Attention 1Ls: A Westlaw Scholarship opportunity awaits!

From now until November 19th, 1Ls have the opportunity to enter into Westlaw’s “Ready to Go Pro?” Sweepstakes. To enter the sweepstakes, complete the short interactive eLearning modules and/or the “Ready to Go Pro?” Challenge. See the official rules for details.

Sweepstakes prizes include:

Grand Prize: Five (5) – $5,000 scholarships

First Prize: Ten (10) – $500 scholarships

Weekly Prizes: Each week Westlaw will award 15 winners with a $120 Spotify e-gift card (one year subscription)

To enter:

  1. Go to
  2. Click on the blue “Take the Challenge” button under Are you “Ready to go pro?” OR select “Training Tools” and then select “Ready to Go Pro Sweepstakes”


Good luck!

NYLS To Close Thursday, February 9, Due To Winter Storm – Law School building and Library will be open

This evening, it was announced that the New York City public schools will be closed tomorrow due to expected significant snowfall. As a result, New York Law School is closing its administrative offices tomorrow and all of tomorrow’s classes, meetings, and events are cancelled. Despite these cancellations, the Law School building will be open for use by community members from 7 a.m. to 1 a.m. The Library will be open from ‎10 a.m. to 6 p.m. We expect that NYLS will resume all scheduled classes, meetings, and activities on Friday, February 10. Please watch for emails, texts, and voice messages from our NotifyNYLS emergency communication system to ensure you have the latest updates.

Thank you, and please stay safe and warm.

Bar Study Update

Extended Library study hours begin on Tuesday, July 5. On Sundays thru Thursdays, the Library will remain open until midnight. Starting on July 11, classroom space available outside the library for bar studying will be limited before 5:30 p.m. The Library understands that many of you like to study in small groups and occasionally converse.  To that end, beginning on July 5, reasonable conversations will be allowed on L-4 for the remainder of the bar study period.  If the group study room (L400), the compact shelving area, and two seminar rooms (L402 and L405) are available, please use those first for group study.  The group study rooms on L-2 and L-3 are also available for your use.  As our signs have always said – one person is not a group. But if a group study room is not available, you are welcome to engage in reasonable conversation at the table spaces on L-4.  Floors L-2 and L-3 will remain quiet study spaces.  We understand that July can be a stressful month in bar study land.  Please remember to be kind to your colleagues:  Control the decibel levels and help us keep your Library clean.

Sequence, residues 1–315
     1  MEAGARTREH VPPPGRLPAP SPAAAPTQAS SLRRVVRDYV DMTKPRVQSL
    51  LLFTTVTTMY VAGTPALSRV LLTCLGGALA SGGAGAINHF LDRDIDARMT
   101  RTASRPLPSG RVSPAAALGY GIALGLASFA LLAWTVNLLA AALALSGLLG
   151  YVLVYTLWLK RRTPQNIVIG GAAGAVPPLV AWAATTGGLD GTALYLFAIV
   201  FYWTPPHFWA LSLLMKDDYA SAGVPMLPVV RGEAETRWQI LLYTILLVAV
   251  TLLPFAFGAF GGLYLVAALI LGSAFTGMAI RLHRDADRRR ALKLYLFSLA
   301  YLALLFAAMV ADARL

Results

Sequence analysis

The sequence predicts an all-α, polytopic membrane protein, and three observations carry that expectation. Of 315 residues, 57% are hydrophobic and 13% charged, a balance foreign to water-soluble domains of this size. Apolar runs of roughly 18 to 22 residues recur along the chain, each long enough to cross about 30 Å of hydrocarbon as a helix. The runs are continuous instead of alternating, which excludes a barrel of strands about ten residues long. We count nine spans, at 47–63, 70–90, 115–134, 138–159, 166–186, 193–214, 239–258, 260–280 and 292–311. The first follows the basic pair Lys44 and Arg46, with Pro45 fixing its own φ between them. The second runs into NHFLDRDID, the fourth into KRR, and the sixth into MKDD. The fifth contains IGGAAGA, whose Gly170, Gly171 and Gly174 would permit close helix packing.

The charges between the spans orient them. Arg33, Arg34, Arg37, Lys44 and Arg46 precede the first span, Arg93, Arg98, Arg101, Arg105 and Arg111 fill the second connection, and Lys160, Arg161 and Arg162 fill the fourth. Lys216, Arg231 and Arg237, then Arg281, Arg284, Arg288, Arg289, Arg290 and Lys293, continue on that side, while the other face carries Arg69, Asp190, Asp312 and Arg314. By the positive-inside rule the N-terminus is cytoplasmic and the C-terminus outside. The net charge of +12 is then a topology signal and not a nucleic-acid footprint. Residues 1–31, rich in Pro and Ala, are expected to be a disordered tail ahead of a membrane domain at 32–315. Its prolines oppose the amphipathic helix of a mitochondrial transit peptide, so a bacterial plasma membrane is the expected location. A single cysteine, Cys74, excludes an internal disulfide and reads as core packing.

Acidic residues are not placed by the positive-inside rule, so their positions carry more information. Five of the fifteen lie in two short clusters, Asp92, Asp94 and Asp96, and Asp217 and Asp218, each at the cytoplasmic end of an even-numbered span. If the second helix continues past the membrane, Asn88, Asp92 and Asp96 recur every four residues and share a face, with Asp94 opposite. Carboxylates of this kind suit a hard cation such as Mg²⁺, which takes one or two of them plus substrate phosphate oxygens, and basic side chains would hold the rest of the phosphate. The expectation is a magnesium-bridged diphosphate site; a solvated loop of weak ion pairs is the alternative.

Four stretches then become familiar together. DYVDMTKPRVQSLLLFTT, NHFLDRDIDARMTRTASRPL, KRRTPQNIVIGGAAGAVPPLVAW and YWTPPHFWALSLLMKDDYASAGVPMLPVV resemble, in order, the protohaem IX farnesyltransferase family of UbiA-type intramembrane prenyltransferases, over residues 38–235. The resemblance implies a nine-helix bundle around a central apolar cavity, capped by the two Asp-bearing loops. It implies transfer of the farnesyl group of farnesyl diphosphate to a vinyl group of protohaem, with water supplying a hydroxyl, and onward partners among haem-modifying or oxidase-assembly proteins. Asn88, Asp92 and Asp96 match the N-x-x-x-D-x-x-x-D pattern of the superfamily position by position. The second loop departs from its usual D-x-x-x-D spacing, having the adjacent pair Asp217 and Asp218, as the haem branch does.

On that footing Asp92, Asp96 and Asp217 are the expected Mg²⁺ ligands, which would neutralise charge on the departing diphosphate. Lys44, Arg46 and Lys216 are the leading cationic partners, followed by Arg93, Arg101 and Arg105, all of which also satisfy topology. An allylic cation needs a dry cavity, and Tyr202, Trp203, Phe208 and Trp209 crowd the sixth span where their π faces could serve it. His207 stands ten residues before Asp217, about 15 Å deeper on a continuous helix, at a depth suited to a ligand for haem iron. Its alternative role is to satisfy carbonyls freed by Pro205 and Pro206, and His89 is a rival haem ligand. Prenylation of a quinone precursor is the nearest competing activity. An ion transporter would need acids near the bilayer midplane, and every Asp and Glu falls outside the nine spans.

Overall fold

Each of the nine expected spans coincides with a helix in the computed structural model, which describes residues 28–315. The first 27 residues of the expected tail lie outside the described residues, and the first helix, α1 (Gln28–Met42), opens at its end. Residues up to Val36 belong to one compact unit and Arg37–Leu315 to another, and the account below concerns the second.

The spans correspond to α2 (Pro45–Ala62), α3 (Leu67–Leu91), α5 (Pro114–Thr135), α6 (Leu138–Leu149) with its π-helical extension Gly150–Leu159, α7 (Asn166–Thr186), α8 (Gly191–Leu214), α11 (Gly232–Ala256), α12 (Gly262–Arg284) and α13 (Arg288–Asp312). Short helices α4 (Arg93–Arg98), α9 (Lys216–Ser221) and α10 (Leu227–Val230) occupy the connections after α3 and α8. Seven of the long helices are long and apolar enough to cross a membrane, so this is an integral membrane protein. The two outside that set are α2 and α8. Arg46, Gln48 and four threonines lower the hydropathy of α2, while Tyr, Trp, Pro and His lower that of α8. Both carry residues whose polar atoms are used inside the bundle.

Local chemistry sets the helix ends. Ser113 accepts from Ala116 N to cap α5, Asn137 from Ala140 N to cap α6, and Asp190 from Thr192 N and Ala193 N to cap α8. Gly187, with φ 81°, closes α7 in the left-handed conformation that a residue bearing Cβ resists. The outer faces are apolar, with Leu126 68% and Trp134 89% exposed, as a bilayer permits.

If you have questions, please let the reference librarians know.  Good Luck and Stay Focused!

Law School 411

The study and practice of law has frequently been described as encompassing both the scholarly and popular aspects of cultural life. The Mendik Library’s Law School 411 LibGuide provides an online multimedia bibliography to students thinking about law school as well as to those currently enrolled. It features books, movies and websites dedicated to the all-pervasive discipline of law.  Take a moment to explore the Guide’s many offerings, which run the gamut from inspiring stories about social justice, to ways in which students can maximize the many facets of the law school experience.

Free E-Book Provides Overview of Emerging Law Office Technology

The former director of the ABA’s Legal Technology Resource Center  recently published an e-book, Law Practice Technology: An Introduction for Law Students, that introduces law students to current law office technology.  Targeting law students interested in starting their own practice, the e-book covers cloud computing, calendaring, security, training, document management, speech input to create documents, intake and conflicts checking, and technology to assist with discovery.  It’s short enough to read or browse quickly and it links to additional internet resources. We recommend checking it out!

Back to Carnegie Hall!

Congratulations to the graduating class of 2014 and their upcoming Commencement Exercises—the Law School’s 122nd—on May 21st!

This year’s ceremony is particularly meaningful because it marks a return to Carnegie Hall, site of the Law School’s first Commencement, on June 7, 1892, and those for the following twenty-one years (through 1913).  

Commencement ceremonies enable us to celebrate our new graduates and to honor previous ones.  It’s always fun to view this slice of our history by looking back at our Commencement Exercises Programs. The Library has created two exhibits of NYLS Commencement Programs spanning three centuries!  We invite you to visit both.

•           In The Honorable Roger J. Miner ’56 Reading Room display case (L302) you’ll find programs from 1950, 1975, 1985, 1991, and 1997.